Get your information from the most credible sources possible, and cite them. Some possible examples:

750,000 Americans are diagnosed annually with Inappropriate Giggling Syndrome, creating a large audience potentially eager for this book.

According to a recent study in the Toronto Star, 90% of Canadians have receding hairlines, pointing to an immense potential Canadian market potential for MASSAGE YOUR WAY BACK TO BUSHINESS.

(I’ll keep you posted on whether that last one gets picked up by a Canadian web bot.)

(9) Recent press coverage.
I say this lovingly, of course, but as I mentioned yesterday, people in the publishing industry have a respect for the printed word that borders on the mystical. Minor Greek deities were less revered.

Thus, if you can find recent articles related to your topic, list them as evidence that the public is eager to learn more about it. Possible examples:

So far in 2010, the Chicago Tribune has run 347 articles on mining accidents, pointing to a clear media interest in the safety of mine shafts.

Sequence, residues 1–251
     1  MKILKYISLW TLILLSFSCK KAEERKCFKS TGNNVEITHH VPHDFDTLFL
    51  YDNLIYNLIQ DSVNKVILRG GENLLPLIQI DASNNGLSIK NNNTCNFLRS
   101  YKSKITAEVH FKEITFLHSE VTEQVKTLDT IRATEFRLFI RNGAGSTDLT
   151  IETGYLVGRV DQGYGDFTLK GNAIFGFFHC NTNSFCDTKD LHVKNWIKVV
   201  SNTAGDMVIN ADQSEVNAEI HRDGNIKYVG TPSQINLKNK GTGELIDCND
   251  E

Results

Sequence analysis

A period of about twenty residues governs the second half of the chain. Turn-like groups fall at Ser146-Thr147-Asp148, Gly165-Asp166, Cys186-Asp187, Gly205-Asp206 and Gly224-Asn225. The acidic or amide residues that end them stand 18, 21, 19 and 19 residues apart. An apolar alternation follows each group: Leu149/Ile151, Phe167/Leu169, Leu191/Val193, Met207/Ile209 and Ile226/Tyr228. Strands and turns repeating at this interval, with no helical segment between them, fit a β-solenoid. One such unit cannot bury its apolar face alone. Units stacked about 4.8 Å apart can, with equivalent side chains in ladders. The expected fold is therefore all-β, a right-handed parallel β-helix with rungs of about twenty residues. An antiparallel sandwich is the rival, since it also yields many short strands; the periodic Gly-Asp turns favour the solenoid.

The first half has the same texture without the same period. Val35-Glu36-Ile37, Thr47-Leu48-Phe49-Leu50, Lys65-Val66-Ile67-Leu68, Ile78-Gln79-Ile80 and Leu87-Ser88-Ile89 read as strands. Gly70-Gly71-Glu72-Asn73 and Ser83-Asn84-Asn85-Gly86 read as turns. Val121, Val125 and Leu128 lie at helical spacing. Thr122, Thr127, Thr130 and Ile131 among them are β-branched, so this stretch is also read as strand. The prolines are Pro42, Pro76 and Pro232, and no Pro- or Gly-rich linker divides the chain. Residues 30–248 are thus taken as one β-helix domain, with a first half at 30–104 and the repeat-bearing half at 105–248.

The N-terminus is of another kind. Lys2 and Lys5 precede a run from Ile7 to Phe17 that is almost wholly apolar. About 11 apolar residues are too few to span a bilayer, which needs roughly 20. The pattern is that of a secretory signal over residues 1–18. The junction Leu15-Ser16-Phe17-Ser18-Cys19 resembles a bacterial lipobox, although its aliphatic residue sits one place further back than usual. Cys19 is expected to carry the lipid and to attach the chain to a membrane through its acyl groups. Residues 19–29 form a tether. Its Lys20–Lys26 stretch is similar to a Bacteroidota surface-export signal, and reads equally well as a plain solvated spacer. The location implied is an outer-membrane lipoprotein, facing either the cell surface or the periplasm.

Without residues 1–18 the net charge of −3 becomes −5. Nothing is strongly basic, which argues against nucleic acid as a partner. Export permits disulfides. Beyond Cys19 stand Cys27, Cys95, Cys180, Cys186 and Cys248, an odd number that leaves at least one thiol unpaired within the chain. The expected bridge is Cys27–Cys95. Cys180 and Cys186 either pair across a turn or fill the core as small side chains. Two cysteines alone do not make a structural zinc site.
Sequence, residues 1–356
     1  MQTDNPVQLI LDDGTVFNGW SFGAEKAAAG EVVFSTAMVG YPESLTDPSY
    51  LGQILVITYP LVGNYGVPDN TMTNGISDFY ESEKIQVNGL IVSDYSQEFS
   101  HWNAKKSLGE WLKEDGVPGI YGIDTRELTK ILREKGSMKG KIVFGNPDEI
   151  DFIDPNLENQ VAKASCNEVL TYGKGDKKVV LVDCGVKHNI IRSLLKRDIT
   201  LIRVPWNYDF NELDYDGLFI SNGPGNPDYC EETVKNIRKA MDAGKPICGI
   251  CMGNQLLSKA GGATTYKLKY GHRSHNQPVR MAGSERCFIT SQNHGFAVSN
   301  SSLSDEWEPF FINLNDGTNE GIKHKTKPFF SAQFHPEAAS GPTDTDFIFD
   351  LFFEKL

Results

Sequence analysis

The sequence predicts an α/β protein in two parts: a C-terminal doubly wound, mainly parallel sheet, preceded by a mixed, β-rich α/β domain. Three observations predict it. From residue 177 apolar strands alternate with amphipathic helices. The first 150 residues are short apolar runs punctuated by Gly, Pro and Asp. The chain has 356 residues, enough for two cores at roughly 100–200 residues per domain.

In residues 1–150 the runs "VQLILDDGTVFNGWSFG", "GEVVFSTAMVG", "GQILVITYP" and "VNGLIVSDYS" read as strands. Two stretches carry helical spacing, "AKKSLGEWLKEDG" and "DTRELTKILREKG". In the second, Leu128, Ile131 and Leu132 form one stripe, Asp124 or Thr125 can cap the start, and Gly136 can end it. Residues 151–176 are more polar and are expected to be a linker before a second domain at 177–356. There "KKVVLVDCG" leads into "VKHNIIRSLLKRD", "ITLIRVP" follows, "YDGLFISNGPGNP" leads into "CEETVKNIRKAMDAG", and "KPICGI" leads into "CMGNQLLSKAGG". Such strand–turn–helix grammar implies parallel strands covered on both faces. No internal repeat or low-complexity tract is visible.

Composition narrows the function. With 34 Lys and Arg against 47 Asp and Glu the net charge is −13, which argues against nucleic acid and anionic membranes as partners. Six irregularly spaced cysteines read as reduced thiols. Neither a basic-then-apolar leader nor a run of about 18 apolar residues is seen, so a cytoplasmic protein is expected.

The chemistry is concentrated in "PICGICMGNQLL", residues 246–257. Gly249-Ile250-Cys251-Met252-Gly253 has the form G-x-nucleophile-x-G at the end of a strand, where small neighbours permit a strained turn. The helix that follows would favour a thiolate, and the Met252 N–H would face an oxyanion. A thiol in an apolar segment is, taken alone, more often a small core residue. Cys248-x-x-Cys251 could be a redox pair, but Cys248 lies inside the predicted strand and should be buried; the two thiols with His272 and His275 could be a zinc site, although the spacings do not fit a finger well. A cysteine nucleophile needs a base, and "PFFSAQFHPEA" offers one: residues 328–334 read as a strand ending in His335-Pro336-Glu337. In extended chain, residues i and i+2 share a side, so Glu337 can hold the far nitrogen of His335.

In the last six months, the New York Times has written twelve times about Warren G. Harding; clearly the public is clamoring to hear more about this important president’s love life.

(10) Your book’s relation to current events and future trends.
I hesitate to mention this one, because it’s actually not the current trends that dictate whether a book pitched or queried now will fly off the shelves after it is published: it’s the events that will be happening THEN.

Like popular TV shows, current events are inherently tricky as selling points, since it takes a long time for a book to move from proposal to bookstand. Ideally, your pitch to an agent should speak to the trends of at least two years from now, when the book will actually be published.

However, if you can make a plausible case for the future importance of your book, go ahead and include it on your list. You can also project a current trend forward. Some examples:

At its current rate of progress through the courts, Christopher Robin’s habeas corpus case will be heard by the Supreme Court in late 2011, guaranteeing substantial press coverage for Pooh’s exposé, OUT OF THE TOY CLOSET.

If tooth decay continues at its current rate, by 2015, no Americans will have any teeth at all. Thus, it follows that a book on denture care should be in ever-increasing demand.